Friday, August 24, 2018

When We have this Dance, it Rains

Photos this week are from Hovenweep National Monument 

I am continuing to push myself  through Ancient Peoples of the Southwest by Stephen Plog. His focus is mostly south of places we visited, which makes it harder to picture, but gives me a few more locations for future plans.

I've reached the point in history when the places we think of as ruins were left behind and people moved to the pueblos that are still occupied today. Archaeologists look for signs of drought and conflict. The descendants of these people say it was simply time for them to move on.

I was touched by a quote from Don Talayesva, a Hopi Sun Chief, about how new clans were integrated into villages:

              Other peoples began to arrive. Whenever a new clan came, a member of the party would
              go to the chief and ask for permission to settle in the village. The Chief usually inquired
              whether they were able to produce rain. If they had any means of doing this, they would
              say, "yes, this and this we have, and when we assemble for this ceremony or when we
              have this dance, it rains. With this we have been traveling and taking care of our children."
              The Chief would then admit them to the village.

It made me think about what I bring to my village. I cannot produce rain. I'm not great at pottery or baskets either, but I can knit.

(This might be problematic in a Hopi village where spinning and weaving is man's work.)

I can also write and tell stories. I spoke briefly at my church two weeks ago. I write this blog and share my podcast.

I don't think this contribution would get me admitted. Maybe my ability to do laundry almost every day of every week and to load the dishwasher daily would be valued more.

I cannot produce rain, but someone near us can. It started as hail, then melted into a downpour that flooded my in-law's basement and threatened mine.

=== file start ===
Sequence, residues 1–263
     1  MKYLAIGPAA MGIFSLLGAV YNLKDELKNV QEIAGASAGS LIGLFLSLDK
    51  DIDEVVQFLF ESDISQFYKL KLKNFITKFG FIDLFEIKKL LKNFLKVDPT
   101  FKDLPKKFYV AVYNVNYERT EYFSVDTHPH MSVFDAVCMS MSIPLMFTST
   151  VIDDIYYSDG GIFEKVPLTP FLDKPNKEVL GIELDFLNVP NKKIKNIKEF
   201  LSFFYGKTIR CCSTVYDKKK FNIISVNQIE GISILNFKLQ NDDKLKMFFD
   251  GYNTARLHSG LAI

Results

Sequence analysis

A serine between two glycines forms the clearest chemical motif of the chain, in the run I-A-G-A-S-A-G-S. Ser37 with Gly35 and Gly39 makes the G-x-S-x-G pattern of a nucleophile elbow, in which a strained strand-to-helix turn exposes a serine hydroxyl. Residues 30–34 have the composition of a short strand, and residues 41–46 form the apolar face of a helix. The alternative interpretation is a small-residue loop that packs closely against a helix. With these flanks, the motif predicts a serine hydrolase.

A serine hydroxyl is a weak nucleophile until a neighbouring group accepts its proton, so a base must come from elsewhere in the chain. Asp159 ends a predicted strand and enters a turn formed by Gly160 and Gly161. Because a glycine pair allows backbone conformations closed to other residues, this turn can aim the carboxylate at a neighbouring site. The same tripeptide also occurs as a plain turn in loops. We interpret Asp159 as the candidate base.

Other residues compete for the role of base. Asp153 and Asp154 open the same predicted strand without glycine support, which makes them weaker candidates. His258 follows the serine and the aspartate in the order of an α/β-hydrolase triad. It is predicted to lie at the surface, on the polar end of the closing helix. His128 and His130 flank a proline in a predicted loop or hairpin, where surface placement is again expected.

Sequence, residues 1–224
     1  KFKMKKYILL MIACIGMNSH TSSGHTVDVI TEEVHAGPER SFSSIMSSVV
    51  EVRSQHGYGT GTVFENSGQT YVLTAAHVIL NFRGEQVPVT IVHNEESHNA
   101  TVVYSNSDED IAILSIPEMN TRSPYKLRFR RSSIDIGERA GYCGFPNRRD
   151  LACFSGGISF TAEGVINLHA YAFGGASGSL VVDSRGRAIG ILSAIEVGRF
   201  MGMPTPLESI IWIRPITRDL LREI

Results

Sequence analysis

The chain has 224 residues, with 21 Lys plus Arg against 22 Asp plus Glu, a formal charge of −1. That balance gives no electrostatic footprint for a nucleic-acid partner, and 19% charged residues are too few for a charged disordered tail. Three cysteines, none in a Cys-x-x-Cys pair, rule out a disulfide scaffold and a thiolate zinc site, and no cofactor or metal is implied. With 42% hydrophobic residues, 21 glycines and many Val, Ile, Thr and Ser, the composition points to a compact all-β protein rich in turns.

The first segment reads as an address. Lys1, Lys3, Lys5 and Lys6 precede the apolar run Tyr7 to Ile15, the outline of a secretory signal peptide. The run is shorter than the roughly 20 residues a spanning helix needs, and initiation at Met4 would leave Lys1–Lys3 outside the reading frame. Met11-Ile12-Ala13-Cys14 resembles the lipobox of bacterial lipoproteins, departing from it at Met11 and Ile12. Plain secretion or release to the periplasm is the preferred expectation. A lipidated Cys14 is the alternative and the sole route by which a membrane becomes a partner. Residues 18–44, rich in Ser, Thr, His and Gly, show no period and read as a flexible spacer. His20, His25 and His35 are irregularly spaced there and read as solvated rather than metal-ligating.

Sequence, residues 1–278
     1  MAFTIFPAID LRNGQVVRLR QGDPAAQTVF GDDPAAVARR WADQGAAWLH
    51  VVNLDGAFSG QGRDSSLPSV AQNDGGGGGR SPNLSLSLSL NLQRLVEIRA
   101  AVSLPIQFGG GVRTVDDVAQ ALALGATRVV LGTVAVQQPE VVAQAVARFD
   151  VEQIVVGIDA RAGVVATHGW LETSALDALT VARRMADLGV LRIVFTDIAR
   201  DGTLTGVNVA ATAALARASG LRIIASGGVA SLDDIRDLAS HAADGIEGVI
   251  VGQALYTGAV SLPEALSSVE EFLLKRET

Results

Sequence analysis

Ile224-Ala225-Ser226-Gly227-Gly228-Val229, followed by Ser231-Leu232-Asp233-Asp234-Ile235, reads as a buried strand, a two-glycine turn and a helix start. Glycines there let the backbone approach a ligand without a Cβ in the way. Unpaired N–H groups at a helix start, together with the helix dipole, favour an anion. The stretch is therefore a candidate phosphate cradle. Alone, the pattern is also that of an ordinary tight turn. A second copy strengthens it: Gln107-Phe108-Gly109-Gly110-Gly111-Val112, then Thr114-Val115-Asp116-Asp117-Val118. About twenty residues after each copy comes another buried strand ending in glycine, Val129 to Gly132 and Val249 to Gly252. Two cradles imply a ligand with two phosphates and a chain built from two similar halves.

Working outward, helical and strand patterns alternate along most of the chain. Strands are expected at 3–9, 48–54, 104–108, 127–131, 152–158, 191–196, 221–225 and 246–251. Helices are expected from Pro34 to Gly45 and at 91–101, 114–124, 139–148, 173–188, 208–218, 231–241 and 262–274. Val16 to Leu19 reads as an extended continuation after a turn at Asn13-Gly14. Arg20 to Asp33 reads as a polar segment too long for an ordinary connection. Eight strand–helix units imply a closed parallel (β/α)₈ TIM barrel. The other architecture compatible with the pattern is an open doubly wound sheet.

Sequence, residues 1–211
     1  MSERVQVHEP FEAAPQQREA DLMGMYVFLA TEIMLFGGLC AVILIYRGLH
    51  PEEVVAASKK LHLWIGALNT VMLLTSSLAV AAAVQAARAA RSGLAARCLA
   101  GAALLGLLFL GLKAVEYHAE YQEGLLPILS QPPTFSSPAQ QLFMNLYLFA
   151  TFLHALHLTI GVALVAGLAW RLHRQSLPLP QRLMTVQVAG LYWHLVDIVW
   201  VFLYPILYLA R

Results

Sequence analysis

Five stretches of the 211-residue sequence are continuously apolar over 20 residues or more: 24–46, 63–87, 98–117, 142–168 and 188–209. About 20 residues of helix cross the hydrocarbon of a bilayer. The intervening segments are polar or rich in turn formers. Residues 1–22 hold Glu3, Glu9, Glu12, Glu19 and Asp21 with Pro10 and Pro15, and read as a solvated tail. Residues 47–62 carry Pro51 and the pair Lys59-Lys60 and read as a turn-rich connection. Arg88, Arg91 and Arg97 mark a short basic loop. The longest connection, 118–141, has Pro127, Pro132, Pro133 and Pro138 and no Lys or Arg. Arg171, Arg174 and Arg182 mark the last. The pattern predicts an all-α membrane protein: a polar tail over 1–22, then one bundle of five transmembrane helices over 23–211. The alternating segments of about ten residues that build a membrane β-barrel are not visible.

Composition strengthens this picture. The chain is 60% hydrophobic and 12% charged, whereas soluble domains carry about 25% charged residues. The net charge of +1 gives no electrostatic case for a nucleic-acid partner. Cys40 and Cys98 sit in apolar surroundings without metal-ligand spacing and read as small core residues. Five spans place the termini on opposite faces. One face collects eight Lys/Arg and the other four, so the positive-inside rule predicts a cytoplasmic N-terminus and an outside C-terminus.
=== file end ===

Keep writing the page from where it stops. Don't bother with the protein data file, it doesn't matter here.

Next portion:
My husband and sons dug a trench next to the sidewalk to channel the water in a safer direction. Meanwhile, the dog and I stood by stupidly as if communal wetness was a contribution to the labor.

Once we were safe, my sweetheart and Oldest took the shop vac to Grandma's to help with the mess there while Youngest checked the sky and the trench every ten minutes to make sure our home remained safe.

We cannot produce rain, but we have managed to teach our children to take care of their parents.

THE PODCAST Is about a famous Dickinson poem, "A Bird Came Down the Walk." It is a cute description of nature, but I had a hard time getting into it until I found "’Tis not that Dying hurts us so—’Tis Living—hurts us more—." I'm feeling that this week. This cheerful little number goes on to compare death to migration, so there is a bird tie-in.

THE KNITTING is a bit better. I finished my goat sweater. There was one day that my eyes started itching and I was afraid my mohair allergy was acting up, but it may have been due to sunflower pollen because I haven't had a problem since. It is currently drying and looking quite nice. If I try to wear it and just can't because the fuzziness makes me crazy, I guess I'll put it up for sale, but with lots of warnings.

I've also started knitting my "Christmas cards." The plan is to give knit ornaments to anyone I would give cards to. The sheep are from other people's patterns, available on Because they are not my design, it would be wrong to sell them in my shop. If you want one, you may have to bring me cookies.

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